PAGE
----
Are we a people fixated on the past (retrospective) or focused on the future (prospective)? The way that we as a people seem inclined to regard the coming 2010 presidential election provides some insight into how we might answer that question.
We seem to be generally retrospective in the way we evaluate our candidates. The thing with being retrospective in our evaluation is that it is easy. Data is readily available. As such retrospective approaches to evaluating political candidates abound on the Web. The retrospective approach is so prevalent that it utterly dominates the national “debate”. I have classified these into two Type categories:
TYPE 1: The curriculum vitae (or resume) approach
A most recent example of this kind of outlook is MLQ3‘s blog “Comparative records” where a “comparative chart” of candidates’ backgrounds is built around education, pre-profession, military service, and judicial, legislative, and executive experience. It is quite a comprehensive stocktake of politicians’ professional backrounds and supposedly is provided “so that readers can take a look at past presidential biodatas, for the purpose of evaluating those seeking the presidency in 2010”.
Previous to that (and I later hazard a bit of speculation around the motive behind the publication of this article), is Manuel Buencamino‘s “Noynoy’s record” on Filipinovoices.com which is lifted (as I said, it’s easy) from “the blog of Carlos Celdran“.
As I said, I take a bit of speculative liberty to suppose that all this was presented in a lame attempt to counter that candidate’s glaring lack of a platform of any consequence. I clarify that observation with a bit of detail in a comment I made there:
Here is the “platform” section of Noynoy’s website (shout a little yodel into the page and you might hear an echo), and two recent articles (here and here) published by the PCIJ describing his background, not to mention that on-line CV Buencamino built for his manok (he calls it a “track record”. I wonder why the word “platform” is nowhere to be seen there in all of those. Hey wait! Perhaps it is because they are all no more than descriptions of, well, track records and backgrounds, and NOT really the elusive platform that everyone is holding their breath for.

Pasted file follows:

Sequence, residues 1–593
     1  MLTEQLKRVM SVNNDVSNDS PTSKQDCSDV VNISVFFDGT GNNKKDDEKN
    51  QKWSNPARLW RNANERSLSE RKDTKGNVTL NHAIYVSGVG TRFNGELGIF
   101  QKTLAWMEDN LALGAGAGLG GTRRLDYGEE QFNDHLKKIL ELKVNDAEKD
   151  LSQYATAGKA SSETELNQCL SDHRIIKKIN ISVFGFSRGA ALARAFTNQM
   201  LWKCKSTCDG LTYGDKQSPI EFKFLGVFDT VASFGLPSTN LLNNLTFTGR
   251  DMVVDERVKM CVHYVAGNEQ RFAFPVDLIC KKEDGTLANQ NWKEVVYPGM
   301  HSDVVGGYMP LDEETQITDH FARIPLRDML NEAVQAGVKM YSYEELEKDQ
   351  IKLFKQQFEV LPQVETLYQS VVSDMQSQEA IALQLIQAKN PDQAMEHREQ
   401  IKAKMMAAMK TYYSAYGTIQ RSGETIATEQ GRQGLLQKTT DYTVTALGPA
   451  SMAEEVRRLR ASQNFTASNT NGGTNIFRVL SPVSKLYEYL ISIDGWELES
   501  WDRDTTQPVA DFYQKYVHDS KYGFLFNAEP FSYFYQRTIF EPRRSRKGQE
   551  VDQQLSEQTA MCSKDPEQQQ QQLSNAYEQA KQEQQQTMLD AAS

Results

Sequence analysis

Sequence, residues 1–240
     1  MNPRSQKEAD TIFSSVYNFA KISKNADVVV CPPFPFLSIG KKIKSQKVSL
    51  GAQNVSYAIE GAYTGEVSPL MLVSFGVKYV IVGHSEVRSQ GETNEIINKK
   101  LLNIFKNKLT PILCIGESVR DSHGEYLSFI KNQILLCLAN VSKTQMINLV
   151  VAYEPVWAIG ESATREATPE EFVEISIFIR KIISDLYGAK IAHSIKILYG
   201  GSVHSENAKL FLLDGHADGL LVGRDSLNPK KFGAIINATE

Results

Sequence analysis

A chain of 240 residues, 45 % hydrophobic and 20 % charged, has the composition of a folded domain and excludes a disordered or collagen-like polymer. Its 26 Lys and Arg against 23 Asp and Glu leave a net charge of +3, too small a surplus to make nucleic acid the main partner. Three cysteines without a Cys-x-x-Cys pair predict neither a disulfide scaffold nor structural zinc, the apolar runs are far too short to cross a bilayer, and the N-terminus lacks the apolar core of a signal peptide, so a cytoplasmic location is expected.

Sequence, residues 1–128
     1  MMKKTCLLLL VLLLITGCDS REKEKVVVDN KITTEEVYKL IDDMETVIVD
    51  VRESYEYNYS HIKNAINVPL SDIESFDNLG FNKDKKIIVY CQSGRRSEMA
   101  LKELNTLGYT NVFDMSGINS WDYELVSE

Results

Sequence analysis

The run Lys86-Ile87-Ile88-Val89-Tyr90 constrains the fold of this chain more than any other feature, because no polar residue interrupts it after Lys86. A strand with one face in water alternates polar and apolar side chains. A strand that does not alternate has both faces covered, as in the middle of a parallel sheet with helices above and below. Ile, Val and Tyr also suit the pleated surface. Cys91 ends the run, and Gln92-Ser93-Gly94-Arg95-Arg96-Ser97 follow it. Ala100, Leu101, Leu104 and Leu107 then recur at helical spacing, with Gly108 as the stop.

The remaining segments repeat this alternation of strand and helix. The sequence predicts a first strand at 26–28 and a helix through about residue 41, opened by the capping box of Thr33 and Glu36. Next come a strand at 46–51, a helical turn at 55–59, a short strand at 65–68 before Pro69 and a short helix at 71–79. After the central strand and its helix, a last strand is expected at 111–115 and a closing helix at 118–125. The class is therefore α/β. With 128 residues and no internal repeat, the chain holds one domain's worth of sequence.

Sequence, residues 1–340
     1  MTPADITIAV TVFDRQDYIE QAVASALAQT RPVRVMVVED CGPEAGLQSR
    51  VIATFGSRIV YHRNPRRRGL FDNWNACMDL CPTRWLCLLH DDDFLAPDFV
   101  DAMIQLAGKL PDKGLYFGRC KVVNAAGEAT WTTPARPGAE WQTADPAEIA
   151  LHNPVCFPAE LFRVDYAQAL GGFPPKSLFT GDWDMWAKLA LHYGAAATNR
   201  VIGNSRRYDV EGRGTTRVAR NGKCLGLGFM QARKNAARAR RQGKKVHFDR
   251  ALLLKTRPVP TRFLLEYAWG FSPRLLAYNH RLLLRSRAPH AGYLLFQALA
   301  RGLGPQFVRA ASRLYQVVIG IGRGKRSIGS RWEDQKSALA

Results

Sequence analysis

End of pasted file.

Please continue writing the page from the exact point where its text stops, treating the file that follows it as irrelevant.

Lots of information, to be sure. But nothing that tells us anything about how any candidate plans to govern and lead.
Give me something real to work with, folks!
TYPE 2: The brand equity approach
This one is easier than easy as it draws upon basic marketing and brand management principles to make an assault on very primitive human thinking faculties. Build upon recognisable symbols that ellicit powerful emotional responses — the crucifix, the hammer-and-sickle, the swastika, “L”-shaped hand gesture, and the colour yellow.
Indeed, the strategy makes easy pickin’s on the vacuous mind because, as the venerable Conrado de Quiros writes in his recent blurb defending his Good-vs-Evil pitch for his manok:
It’s not just Filipinos who think that way. The power of myth, symbol, archetype—chief of which is the storyline of Good vs Evil—overwhelms every race, creed and belief.
De Quiros, in that article, was also not above invoking that eh bakit sila? appeal that works wonders in a society still suffering from its famously debilitating brand of colonial mentality:
That was the storyline of the recent American elections. Barack Obama didn’t just represent an “alternative” to George W. Bush, he represented an end to centuries-old oppression, breathtakingly embodied by Bush. He represented the long journey of Kunta Kinte to freedom, armed with Martin Luther King’s dream, “We shall overcome.” If he did not, he would not have brought tears to the eyes of the Rev. Jesse Jackson and Oprah Winfrey when he won. If he did not, he would not have won.
You know what, anak? Just because you occassionally see mommy and daddy naked in bed does not make it right for you to do the same with your schoolmates.